Career expos are a great opportunity to gather a stack of career and study information at one event. They differ from university and college open days in that there can be hundreds of exhibitors. It sounds good but parents and young people often come away more confused than before they started. Get the most out of your career expo experience by following these 8 practical tips.
1. Start with a plan
Will you want to talk to everyone? Probably not. Do some ground work and think through some of your current career ideas in order to target the organisations who can best help you.
The big career expos publish their program well in advance.
- Western Sydney Careers Expo (WSCE) is online at http://www.westernsydneycareerexpo.com.au/
Your ticket gets you in for 4 days so head back in if you need to. BTW, your ticket is cash only on the day. $10 per person or $25 for a family 3 or more including one parent.
If you’re not in Sydney, look out for other expos in your area. They’ll be advertised at school and in local press.
2. Who’s there?
- Universities – 15 different universities are available at the WSCE. Check out unis from across Australia. You can pick up the prospectus that outlines all course and admission info.
- Tertiary providers – Colleges who offer industry and professional training courses. Some also offer degree programs.
- Registered Training Organisations known as RTOs. Lots of RTOs offering skills based training
- People you’ll know – TAFE Colleges, Defence Force Recruiting, Apprenticeships providers
- Industry associations including Master Builders, Pharmacy Guild, National Association of Electrical Contractors (NECA), Surveyors, Maths Association.
- CareCareers highlighting careers in the expanding disability and community sector.
- Study skills providers – you may pick up some valuable study tips and resources.
3. What’s on the program?
- Lots of seminars run during the expo; the program is available as a PDF. Review the program to take advantage of some of the experts available. Seminars include:
- Universities and colleges – courses, TAFE, local and interstate universities, pathways to university,
- Teaching scholarships from Teach.NSW
- Universities Admissions Centre – Year 10 AND Year 12 advice. Highly recommended!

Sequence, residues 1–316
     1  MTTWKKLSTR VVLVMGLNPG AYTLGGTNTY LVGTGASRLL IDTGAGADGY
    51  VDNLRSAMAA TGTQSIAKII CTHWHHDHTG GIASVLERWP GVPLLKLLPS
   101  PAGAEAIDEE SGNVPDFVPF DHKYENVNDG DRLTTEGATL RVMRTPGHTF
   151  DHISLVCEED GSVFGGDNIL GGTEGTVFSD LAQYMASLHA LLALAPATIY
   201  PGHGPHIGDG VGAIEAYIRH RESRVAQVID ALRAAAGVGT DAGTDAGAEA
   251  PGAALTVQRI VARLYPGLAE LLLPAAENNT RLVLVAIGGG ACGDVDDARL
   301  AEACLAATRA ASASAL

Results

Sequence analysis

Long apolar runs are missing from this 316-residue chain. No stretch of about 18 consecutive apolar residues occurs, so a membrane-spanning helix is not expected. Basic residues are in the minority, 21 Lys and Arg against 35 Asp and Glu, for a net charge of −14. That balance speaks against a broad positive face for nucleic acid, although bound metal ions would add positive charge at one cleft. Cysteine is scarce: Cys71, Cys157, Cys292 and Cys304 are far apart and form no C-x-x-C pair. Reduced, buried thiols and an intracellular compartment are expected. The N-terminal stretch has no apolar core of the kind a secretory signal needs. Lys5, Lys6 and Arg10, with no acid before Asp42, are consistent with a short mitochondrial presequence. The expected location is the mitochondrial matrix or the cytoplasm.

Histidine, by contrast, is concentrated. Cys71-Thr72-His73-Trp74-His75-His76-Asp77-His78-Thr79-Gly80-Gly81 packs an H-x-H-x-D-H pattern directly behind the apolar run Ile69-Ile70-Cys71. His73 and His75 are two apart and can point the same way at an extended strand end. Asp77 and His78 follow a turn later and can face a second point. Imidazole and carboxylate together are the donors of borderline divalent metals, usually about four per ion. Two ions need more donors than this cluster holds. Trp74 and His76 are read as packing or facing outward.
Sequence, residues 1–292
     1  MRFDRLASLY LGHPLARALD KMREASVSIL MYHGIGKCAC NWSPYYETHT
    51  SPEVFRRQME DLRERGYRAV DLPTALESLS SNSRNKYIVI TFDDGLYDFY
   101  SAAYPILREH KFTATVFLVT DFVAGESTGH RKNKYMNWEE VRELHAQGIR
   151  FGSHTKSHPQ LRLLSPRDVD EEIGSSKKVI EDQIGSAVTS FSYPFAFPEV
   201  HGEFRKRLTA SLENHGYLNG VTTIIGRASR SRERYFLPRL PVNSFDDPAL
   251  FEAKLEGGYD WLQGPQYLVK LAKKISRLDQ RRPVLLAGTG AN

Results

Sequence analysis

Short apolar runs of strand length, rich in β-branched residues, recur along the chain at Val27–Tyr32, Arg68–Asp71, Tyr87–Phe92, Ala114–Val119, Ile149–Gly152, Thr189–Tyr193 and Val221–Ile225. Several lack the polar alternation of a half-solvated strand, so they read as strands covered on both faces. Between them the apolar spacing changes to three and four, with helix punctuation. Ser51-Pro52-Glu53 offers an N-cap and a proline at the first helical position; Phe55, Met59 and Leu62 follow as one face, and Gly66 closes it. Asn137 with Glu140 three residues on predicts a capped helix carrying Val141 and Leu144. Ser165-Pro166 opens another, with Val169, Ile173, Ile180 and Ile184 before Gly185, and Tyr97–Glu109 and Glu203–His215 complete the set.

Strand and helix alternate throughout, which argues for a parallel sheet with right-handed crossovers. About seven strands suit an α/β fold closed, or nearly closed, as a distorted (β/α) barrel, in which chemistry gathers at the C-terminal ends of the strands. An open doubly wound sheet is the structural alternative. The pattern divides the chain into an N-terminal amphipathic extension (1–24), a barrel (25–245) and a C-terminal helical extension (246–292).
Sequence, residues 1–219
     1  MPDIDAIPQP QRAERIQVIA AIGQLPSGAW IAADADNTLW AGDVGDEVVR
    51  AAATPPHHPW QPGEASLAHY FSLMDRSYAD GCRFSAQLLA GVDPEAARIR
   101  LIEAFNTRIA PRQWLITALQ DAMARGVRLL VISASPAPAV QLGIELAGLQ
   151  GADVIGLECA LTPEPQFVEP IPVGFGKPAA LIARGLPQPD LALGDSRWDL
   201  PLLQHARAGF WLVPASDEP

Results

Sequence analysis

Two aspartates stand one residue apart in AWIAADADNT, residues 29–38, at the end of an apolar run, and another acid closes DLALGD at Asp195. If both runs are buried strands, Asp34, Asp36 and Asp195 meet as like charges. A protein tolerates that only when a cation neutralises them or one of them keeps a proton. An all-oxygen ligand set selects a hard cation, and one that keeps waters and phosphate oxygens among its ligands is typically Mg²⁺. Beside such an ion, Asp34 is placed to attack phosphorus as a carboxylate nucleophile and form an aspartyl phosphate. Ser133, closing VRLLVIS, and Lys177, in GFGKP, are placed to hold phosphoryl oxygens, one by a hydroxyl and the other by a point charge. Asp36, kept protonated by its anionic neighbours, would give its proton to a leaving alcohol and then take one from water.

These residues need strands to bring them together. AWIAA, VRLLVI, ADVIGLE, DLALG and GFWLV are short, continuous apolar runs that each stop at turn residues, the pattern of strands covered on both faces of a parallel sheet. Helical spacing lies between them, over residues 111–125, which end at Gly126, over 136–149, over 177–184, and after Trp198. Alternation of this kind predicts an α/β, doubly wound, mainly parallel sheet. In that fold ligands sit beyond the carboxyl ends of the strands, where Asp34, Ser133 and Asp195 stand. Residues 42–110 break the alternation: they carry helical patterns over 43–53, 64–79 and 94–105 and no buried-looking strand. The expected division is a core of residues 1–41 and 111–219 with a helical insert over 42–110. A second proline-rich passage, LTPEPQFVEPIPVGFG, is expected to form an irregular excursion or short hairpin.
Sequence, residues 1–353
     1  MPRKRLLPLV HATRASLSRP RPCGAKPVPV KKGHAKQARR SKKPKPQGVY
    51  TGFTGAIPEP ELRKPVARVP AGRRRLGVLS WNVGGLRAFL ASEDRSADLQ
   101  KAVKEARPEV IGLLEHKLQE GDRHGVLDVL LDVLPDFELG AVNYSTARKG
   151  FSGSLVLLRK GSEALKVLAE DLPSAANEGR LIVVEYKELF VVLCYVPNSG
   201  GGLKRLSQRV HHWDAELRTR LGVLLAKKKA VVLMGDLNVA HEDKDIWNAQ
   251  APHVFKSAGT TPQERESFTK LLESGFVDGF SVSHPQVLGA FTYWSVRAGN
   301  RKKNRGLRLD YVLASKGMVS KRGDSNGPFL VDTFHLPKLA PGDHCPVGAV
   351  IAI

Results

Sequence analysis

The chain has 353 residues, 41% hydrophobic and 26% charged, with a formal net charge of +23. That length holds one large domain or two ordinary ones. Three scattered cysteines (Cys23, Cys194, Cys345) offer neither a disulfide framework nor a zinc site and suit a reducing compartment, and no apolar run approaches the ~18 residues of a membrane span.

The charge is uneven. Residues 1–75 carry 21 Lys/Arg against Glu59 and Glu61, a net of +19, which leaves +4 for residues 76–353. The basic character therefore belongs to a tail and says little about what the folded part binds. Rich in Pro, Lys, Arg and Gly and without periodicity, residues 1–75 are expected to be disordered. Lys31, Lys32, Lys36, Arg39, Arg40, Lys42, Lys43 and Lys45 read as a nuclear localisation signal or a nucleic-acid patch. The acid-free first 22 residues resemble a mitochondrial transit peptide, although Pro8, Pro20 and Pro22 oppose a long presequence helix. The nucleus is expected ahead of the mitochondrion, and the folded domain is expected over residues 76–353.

- Subject advice – English, Maths, Biology, Business Studies, PDHPE, Legal Studies, and Ancient History
- Industry advice – Master Builders, Nursing, Pharmacists, Health Management and more
- Job-seeking and resume writing advice
- Study advice and tips
- Gap year planning
Work out need to know and what you want to know and then be purposeful in getting into the right seminars for you.
TIP – go with a friend and head in different directions. Get back together and share ideas and resources.
4. Get specific
Chances are you’ve been working on your career plans for a while, get some specific questions together. Ask the reps about course and entry pathways, scholarships, graduate outcomes, study abroad options or whatever you really want to know. There’s no ‘dumb’ questions, so ask!
5. Open for ideas
Chances are you’ll hear about some really interesting areas of work and study. Go in with your ideas, sit in on some seminars, talk to industry professionals and soak it all up. Gather your info then walk away to think through and share your ideas with people who know you well.
6. Work it out
Take brochures, listen well, bring it all home and evaluate. Use what you find out to develop ideas you haven’t thought of previously, and then do some more research to learn more about where the course may lead you.
Good places to look for information are:
www.joboutlook.gov.au for job descriptions and labour market information.
www.myfuture.edu.au – by subscription in NSW
https://www.newcastle.edu.au/degrees-to-careers – link between university courses to career outcomes
Google and YouTube – lots of info here. Be selective and patient.
7. It takes time
Working out career and life and all the rest takes time. Start where you’re at. Go forward at your pace. Explore your ideas, see where they take you.
You’re looking for your starting point not your destination. Choose well and trust yourself to recognise the things that are right for you.
8. Talk it out
Need a hand to work through your ideas? Meeting with a trained career professional can make all the difference to your next steps. Get in touch via email or phone. Happy to help.
Find out about career counselling for high school students.